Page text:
“So Hutton Gibson, who wants to see the Traditional Latin Mass restored, finds Pope Benedict’s restoration of the Mass to be proof of the conspiracy, while Left-wing critics of the Catholic Church join Gibson in declaring that the Holy Father is a homosexual, even though they normally approve of homosexuality and attack the Church for declaring homosexual activity a sin.”

But here is question that occurred to me as I listened to Hutton Gibson: are wackadoo conspiracy theories more often found among Christians than among atheists? I do not know, but I have never come across militant atheists who have quite the same mindset as Gibson and proclaim that, for example, Peter Tatchell is secretly a straight Christian and is working from within the secular humanist movement to further the interests of Rome and to ensure that one day every living person on the planet is a professing Catholic.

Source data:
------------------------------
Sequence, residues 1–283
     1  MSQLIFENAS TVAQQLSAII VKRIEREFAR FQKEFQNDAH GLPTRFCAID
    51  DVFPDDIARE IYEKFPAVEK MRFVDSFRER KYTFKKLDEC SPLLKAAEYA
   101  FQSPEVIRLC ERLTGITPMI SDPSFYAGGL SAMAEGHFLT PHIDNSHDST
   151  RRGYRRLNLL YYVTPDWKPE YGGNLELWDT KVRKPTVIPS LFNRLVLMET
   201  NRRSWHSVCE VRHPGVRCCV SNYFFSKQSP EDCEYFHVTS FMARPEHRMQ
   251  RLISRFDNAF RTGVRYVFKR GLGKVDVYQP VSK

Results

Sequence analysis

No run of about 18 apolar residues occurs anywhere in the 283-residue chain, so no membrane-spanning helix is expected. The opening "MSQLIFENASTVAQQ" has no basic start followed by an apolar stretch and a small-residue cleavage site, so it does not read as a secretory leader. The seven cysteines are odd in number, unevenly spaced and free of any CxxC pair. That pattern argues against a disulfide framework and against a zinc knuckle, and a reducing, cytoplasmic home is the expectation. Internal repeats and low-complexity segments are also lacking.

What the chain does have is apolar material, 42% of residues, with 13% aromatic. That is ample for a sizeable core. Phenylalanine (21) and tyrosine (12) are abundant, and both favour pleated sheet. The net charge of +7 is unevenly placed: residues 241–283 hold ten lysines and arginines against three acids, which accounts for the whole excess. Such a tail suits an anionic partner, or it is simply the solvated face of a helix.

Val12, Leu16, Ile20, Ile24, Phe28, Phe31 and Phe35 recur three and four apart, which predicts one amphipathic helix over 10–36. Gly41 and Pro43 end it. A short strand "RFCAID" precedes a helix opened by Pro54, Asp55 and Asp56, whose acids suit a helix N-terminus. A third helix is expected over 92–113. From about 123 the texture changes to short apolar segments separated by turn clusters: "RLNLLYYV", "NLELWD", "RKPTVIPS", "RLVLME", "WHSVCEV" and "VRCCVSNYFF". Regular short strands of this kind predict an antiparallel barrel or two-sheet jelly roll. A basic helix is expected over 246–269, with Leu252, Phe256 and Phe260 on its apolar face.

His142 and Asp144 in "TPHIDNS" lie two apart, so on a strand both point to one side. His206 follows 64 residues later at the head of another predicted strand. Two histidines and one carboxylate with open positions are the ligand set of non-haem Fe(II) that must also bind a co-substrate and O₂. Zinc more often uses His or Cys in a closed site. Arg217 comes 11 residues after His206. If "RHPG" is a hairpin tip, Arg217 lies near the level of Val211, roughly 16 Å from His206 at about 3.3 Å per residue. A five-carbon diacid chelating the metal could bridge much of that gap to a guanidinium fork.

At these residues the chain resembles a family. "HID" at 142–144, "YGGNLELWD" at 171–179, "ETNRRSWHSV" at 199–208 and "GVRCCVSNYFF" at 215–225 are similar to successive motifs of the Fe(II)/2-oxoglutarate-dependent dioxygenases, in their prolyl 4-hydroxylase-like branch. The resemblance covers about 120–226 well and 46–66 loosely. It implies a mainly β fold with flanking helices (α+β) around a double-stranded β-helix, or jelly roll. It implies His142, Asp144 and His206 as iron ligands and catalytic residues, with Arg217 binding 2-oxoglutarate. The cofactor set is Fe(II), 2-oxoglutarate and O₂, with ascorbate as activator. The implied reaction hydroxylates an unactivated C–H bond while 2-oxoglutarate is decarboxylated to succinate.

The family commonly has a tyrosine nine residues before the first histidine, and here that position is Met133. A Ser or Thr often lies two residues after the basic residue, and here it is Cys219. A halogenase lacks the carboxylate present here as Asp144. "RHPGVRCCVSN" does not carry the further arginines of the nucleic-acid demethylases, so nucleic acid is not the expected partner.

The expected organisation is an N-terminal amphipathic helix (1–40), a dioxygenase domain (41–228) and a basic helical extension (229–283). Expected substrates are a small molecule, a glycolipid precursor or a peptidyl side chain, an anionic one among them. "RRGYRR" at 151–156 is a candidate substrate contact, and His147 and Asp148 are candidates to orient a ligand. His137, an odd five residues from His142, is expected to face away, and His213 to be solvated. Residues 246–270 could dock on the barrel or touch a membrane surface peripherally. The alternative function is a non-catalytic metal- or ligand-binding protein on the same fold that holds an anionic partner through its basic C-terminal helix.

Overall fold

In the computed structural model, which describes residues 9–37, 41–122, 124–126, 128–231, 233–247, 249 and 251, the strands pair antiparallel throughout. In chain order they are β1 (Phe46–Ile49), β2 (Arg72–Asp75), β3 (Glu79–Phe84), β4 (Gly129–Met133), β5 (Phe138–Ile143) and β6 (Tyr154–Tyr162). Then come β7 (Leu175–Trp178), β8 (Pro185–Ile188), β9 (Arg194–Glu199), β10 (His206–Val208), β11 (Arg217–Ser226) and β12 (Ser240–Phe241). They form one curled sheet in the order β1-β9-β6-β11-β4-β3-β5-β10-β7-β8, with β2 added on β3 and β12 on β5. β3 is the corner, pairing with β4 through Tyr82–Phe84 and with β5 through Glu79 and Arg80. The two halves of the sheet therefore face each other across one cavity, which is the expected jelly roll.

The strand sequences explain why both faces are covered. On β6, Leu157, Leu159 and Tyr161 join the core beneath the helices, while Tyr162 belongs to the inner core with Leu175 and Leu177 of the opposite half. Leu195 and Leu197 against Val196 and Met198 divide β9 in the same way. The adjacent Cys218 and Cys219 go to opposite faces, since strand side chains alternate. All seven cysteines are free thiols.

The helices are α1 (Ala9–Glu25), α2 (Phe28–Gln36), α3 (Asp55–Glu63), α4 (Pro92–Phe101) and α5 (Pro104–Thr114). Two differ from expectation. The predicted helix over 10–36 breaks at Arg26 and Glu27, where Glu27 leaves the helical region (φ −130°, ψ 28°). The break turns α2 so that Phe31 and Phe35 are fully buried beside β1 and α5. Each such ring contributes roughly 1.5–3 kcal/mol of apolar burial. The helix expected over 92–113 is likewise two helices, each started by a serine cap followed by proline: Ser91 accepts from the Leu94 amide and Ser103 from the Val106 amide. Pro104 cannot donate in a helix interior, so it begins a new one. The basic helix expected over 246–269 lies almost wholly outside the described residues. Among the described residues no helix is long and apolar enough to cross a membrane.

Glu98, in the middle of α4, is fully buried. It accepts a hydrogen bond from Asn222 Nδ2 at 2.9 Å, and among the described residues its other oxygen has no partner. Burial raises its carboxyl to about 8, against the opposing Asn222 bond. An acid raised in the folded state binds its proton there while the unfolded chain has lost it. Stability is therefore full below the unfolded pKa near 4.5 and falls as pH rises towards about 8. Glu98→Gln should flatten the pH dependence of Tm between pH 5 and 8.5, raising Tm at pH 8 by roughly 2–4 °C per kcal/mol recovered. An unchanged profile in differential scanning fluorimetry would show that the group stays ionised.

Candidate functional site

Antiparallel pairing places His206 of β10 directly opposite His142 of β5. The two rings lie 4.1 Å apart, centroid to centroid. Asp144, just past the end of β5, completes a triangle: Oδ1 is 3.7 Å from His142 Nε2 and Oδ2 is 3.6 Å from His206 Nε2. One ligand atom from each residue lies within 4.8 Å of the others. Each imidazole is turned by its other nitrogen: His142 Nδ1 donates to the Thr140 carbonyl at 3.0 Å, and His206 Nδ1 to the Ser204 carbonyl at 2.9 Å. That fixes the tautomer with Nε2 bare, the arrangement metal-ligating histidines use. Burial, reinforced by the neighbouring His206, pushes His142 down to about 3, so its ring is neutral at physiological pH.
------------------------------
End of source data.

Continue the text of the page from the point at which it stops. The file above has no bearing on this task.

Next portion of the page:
If there are such people, I think we should be told.

  • Ericpconway

    Stuart Reid should familiarise himself with the Irish atheist ( or indeed any atheist ) web site. The contributions therein make Hutton Gibson seem like a paragon of rationality.

  • rayingles

    It's a hilarious double-standard that you actually have to pick up a gun and kill somebody to be considered a 'militant' believer, but all you have to do to be considered a 'militant' atheist is write a book.

  • http://twitter.com/jayson_d_cooke jayson.d.cooke